Nonfiction

by Kristina Manente, ed.
Gasogene, 2014, $24.95

Most of the pioneering Sherlockians whose names we know were men, including a fair number of doctors and military officers along with writers. For years the Baker Street Irregulars was a male-only organization, though a token female would be invited to each year’s banquet, presumably to receive the traditional toast to The Woman. Recently, though, more and more women, many of them in their twenties or younger, have joined a growing Sherlockian fandom, spurred in part by 21st-century media adaptations and the Internet’s added channels of communication.

This anthology of carefully footnoted articles, most well written and somewhat more serious in tone than the lighthearted mock scholarship of the pioneers, represents the new generation well for the most part. A quick survey of the contributor notes reveals the variety of nationalities represented: seven are identified as American, five German, four British, plus one each from Australia, Austria, Denmark, the Netherlands, Canada, and (mysteriously) “a country too bored to continue to exist.” Appropriately enough, there is a single token male—Eric Mittmann, who compares Sherlock Holmes and Batman. (Is he toasted as The Man?)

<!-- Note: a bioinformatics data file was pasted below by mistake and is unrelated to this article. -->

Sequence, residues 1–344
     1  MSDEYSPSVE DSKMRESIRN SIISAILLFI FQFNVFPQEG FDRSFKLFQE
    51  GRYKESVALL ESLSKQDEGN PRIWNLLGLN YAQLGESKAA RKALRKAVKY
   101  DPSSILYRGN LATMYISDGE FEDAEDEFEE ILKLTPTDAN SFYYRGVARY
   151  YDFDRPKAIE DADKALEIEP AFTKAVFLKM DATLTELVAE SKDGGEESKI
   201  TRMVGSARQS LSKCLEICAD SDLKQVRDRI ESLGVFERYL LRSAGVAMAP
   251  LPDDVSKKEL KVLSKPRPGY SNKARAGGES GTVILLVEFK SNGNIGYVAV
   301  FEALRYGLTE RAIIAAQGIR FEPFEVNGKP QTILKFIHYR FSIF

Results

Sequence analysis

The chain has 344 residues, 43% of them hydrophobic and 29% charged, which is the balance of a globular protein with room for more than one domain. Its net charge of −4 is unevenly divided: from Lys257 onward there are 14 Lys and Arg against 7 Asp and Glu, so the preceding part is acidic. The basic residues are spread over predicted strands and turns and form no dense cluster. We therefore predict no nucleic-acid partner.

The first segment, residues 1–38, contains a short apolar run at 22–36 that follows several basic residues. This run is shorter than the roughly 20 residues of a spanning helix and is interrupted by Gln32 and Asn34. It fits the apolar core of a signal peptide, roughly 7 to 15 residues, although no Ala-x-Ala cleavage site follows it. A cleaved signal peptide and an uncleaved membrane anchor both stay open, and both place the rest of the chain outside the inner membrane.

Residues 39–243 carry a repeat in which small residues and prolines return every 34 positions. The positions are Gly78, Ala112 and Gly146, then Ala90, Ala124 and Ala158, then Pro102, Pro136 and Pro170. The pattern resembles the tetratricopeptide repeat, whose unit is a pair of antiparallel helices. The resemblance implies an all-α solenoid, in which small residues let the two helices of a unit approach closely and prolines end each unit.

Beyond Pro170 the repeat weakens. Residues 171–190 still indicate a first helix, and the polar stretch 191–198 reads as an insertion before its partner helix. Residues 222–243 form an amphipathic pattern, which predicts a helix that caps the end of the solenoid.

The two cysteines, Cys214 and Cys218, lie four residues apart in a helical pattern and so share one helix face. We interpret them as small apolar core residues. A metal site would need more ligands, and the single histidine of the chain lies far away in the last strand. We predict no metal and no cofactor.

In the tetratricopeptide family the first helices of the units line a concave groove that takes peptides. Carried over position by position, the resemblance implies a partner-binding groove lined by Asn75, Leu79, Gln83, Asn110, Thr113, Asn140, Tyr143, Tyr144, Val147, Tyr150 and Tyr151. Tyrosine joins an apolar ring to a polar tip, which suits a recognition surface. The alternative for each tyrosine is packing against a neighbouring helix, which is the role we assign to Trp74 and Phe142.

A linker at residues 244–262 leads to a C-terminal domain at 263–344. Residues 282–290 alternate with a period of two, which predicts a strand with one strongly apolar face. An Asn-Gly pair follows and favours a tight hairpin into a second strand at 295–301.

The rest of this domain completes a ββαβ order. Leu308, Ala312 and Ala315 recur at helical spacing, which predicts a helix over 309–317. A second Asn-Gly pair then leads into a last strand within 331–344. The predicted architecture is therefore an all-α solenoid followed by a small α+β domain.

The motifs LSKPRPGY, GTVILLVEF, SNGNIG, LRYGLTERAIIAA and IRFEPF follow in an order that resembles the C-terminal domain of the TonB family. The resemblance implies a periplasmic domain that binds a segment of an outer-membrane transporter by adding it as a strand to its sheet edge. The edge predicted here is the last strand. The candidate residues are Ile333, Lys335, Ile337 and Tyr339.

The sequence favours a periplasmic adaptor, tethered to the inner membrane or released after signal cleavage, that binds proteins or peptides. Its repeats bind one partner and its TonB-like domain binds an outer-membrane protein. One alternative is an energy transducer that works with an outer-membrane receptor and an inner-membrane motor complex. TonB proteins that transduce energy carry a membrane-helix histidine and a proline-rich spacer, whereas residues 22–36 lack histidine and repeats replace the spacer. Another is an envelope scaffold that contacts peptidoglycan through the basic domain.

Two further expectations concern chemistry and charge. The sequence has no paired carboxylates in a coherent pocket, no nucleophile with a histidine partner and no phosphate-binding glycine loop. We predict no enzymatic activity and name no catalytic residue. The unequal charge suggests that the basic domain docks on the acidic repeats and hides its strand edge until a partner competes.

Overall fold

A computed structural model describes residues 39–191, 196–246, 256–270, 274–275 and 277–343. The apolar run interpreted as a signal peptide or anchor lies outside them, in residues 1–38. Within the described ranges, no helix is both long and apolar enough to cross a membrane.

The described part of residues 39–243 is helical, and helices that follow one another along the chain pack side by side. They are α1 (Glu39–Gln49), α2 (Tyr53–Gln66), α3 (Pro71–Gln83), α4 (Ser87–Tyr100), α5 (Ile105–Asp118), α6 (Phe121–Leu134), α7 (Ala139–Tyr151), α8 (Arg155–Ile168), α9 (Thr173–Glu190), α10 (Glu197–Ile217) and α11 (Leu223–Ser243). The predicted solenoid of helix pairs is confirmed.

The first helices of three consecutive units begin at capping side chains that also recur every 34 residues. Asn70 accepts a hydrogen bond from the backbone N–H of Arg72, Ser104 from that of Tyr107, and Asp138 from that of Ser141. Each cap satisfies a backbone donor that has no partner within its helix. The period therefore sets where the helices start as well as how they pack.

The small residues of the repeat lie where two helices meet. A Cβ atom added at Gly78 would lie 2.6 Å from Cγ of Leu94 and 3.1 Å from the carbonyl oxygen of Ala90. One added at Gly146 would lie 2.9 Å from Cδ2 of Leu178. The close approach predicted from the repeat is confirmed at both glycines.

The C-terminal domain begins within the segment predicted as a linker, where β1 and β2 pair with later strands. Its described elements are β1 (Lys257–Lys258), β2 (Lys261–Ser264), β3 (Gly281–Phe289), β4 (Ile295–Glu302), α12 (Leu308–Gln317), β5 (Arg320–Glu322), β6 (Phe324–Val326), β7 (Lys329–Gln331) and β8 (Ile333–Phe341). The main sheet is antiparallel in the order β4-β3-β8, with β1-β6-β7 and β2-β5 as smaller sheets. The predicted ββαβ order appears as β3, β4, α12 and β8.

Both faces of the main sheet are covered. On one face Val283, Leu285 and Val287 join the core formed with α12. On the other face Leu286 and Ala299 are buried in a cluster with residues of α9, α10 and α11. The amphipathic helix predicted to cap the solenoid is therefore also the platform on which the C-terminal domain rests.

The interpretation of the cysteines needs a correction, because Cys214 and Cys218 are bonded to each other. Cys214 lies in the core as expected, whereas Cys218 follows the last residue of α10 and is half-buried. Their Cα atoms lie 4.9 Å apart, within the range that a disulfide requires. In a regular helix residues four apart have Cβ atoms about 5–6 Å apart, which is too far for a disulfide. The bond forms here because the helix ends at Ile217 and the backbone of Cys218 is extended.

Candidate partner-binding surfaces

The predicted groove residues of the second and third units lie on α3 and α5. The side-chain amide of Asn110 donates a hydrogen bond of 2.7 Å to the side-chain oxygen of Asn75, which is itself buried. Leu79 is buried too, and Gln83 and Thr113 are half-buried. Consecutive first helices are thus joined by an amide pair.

Some of the more interesting content: Kim Sirag on Conan Doyle’s depiction of Victorian women, less sexist than sometimes thought; Emily Paine on the differences between television’s two Sherlockian updates, the BBC’s Sherlock and CBS’s Elementary; Mary Platt on the two films with Robert Downey, Jr.; and Kyrie Culp on the reasons for the character’s enduring popularity. In one notably weak article, an author who has never read any of the Conan Doyle stories still wants to be considered a Sherlockian!

Jon L. Breen

A new and diverse generation of Sherlockians are well-represented in this latest anthology covering the famous detective.

Teri Duerr
3692
Manente, ed.
2014
the-one-fixed-point-in-a-changing-age-a-new-generation-on-sherlock-holmes
24.95
Gasogene